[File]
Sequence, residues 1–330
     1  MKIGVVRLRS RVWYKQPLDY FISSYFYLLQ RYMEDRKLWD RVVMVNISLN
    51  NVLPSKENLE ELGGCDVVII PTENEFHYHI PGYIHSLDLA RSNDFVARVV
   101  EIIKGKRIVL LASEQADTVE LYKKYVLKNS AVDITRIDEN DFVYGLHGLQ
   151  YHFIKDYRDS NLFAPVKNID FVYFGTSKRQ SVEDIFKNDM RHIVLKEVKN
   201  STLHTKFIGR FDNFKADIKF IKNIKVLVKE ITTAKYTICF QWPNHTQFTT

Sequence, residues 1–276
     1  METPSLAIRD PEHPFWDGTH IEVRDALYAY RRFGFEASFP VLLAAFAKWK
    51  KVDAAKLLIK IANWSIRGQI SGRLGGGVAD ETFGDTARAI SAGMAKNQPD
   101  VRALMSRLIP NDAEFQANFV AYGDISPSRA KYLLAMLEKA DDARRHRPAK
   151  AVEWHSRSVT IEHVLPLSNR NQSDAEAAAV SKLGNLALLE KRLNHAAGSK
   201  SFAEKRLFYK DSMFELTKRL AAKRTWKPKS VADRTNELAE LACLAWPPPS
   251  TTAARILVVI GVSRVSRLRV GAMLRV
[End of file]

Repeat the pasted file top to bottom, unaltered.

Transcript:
Sequence, residues 1–330
     1  MKIGVVRLRS RVWYKQPLDY FISSYFYLLQ RYMEDRKLWD RVVMVNISLN
    51  NVLPSKENLE ELGGCDVVII PTENEFHYHI PGYIHSLDLA RSNDFVARVV
   101  EIIKGKRIVL LASEQADTVE LYKKYVLKNS AVDITRIDEN DFVYGLHGLQ
   151  YHFIKDYRDS NLFAPVKNID FVYFGTSKRQ SVEDIFKNDM RHIVLKEVKN
   201  STLHTKFIGR FDNFKADIKF IKNIKVLVKE ITTAKYTICF QWPNHTQFTT

Sequence, residues 1–276
     1  METPSLAIRD PEHPFWDGTH IEVRDALYAY RRFGFEASFP VLLAAFAKWK
    51  KVDAAKLLIK IANWSIRGQI SGRLGGGVAD ETFGDTARAI SAGMAKNQPD
   101  VRALMSRLIP NDAEFQANFV AYGDISPSRA KYLLAMLEKA DDARRHRPAK
   151  AVEWHSRSVT IEHVLPLSNR NQSDAEAAAV SKLGNLALLE KRLNHAAGSK
   201  SFAEKRLFYK DSMFELTKRL AAKRTWKPKS VADRTNELAE LACLAWPPPS
   251  TTAARILVVI GVSRVSRLRV GAMLRV